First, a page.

Back to Ask the Diabetes Team Ask the Diabetes Team

From Elkhart, Indiana, USA:

My eight year old son was diagnosed when he was three years eight months old, and we are presently having him tested for possible learning disabilities along with visual tracking deficits. What is cerebellar vermal atrophy? Why is this associated with diabetes, and subsequently, learning disabilities? It has been mentioned that this may be a piece to my son's "puzzle".


There does seem to be a link between cerebellar vermal atrophy and schizophrenia, but the reports are nearly all in adults and none involve diabetes. However, there is one in a five year old child who also had lactic acidosis. (See Challa VR, Markesbery WR, Baumann RJ, Noonan JA, Lactic acidosis associated with cerebellar vermal atrophy and cardiomyopathy.) As a very long shot, this raises the possibility that your son has a type of diabetes due to a mitochondrial defect called MELAS or Mitochondrial Encephalopathy, Lactic Acidosis Syndrome. So, it just might be worth asking the doctors about getting a rather simple blood test for the lactic acid level. Although, if your son had a positive antibody test at the onset of his diabetes, this would be unnecessary.


[Editor's comment: See Sandyk R, Kay SR, Merriam AE, Atrophy of the cerebellar vermis: relevance to the symptoms of schizophrenia SS]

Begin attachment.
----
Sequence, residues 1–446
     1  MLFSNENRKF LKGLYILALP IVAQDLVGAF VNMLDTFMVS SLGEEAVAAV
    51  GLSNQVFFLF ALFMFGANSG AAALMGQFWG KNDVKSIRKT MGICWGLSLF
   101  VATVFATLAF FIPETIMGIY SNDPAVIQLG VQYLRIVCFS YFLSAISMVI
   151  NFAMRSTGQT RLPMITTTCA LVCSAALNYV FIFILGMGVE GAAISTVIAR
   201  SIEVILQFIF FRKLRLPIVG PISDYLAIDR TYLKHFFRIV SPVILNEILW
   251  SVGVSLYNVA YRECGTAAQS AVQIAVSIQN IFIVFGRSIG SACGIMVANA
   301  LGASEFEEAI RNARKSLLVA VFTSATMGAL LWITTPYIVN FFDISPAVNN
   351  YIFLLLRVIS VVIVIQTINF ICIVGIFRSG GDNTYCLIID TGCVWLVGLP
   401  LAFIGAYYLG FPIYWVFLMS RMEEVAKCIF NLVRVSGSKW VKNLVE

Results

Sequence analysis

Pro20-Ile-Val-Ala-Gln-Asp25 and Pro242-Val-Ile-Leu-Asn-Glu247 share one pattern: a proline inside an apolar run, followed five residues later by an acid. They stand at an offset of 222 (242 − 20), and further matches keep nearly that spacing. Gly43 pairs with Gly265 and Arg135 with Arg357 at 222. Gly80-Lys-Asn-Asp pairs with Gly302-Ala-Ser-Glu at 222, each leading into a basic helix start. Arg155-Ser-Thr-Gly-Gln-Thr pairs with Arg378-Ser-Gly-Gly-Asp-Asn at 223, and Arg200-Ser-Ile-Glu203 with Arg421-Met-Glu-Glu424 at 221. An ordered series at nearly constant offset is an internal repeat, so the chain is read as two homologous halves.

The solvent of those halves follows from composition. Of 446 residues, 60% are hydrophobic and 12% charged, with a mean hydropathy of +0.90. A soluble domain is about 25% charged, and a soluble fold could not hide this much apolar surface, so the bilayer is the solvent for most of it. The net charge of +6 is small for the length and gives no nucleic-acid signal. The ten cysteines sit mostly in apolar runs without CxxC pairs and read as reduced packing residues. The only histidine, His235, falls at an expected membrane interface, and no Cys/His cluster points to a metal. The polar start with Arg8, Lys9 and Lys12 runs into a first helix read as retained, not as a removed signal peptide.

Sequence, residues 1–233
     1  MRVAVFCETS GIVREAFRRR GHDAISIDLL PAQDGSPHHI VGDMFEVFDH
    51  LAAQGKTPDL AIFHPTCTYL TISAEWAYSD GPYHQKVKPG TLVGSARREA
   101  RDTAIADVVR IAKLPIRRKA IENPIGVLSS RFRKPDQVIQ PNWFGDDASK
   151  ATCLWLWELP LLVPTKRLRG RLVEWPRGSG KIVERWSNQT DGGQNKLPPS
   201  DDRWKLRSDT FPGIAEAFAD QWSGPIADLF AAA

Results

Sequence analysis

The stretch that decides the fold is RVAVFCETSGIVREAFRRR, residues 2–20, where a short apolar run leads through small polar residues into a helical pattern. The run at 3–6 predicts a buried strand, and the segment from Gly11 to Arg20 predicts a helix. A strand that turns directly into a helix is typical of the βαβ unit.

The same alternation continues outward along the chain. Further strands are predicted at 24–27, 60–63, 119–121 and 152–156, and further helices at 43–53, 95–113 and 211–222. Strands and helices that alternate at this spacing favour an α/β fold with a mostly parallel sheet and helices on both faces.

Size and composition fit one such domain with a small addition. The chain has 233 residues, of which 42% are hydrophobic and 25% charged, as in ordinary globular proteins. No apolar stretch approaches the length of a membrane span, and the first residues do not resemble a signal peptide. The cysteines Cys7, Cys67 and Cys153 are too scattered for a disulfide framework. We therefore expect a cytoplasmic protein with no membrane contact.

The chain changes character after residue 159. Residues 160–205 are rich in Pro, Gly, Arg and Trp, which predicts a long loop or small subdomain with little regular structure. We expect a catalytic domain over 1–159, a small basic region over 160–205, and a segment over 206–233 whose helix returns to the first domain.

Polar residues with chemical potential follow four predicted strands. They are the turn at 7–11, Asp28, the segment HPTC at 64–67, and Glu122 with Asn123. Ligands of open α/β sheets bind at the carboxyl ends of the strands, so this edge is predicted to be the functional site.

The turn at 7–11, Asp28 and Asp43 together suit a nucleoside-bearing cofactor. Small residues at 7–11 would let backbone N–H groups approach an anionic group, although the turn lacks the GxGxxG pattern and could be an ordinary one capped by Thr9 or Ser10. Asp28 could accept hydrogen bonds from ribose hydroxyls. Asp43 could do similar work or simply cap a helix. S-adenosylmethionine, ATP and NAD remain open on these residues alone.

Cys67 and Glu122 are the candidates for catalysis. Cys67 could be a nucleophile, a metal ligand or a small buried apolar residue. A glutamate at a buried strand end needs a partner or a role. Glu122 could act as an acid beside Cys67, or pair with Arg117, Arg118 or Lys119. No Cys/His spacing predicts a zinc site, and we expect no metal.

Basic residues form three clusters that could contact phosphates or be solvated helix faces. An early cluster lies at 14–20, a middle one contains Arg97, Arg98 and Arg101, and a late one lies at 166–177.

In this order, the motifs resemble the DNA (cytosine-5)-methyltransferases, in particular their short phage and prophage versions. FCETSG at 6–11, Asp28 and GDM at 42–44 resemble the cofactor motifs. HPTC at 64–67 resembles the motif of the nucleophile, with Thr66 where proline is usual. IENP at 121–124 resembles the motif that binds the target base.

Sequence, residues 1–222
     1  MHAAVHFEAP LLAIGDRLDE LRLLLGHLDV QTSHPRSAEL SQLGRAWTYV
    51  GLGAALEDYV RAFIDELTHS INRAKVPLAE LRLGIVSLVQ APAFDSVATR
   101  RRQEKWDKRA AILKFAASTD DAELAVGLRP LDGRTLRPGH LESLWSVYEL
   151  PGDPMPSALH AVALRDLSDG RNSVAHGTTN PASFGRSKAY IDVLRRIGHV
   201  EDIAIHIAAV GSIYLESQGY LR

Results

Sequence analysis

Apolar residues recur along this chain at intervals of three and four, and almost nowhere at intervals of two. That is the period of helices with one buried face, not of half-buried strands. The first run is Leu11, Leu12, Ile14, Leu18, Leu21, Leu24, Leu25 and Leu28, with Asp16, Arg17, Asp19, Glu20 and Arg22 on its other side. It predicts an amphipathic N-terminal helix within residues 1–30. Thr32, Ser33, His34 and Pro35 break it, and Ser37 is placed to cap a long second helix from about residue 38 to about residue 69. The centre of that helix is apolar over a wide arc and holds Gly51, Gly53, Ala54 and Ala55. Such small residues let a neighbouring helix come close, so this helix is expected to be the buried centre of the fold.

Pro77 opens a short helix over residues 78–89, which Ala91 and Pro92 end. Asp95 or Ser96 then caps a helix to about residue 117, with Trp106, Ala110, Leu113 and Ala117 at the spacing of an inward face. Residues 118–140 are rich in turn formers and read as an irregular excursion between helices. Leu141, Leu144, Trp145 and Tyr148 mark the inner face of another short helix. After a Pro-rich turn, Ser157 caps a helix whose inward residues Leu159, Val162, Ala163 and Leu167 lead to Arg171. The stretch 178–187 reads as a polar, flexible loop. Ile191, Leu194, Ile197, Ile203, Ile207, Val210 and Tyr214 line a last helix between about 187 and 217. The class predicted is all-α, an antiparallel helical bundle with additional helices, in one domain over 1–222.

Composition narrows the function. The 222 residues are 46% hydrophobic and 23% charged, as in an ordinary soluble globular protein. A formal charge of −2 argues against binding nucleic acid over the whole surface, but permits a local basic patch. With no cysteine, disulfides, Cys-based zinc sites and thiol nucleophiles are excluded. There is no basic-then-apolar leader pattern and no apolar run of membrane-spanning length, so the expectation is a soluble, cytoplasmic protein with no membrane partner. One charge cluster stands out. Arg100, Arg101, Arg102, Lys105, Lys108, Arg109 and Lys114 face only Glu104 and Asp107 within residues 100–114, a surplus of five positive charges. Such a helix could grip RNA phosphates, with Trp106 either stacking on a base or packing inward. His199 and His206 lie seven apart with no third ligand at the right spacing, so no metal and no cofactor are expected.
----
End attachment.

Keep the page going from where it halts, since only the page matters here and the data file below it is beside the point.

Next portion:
Original posting 8 Jan 2002
Posted to Other Illnesses


  Back to Ask the Diabetes Team Return to the Top of This Page

Last Updated: Tuesday April 06, 2010 15:09:30
This Internet site provides information of a general nature and is designed for educational purposes only. If you have any concerns about your own health or the health of your child, you should always consult with a physician or other health care professional.

This site is published by T-1 Today, Inc. (d/b/a Children with Diabetes), a 501c3 not-for-profit organization, which is responsible for its contents. Our mission is to provide education and support to families living with type 1 diabetes.
By using this site, you agree to our Terms of Use, Legal Notice, and Privacy Policy.
© Children with Diabetes, Inc. 1995-2018. Comments and Feedback.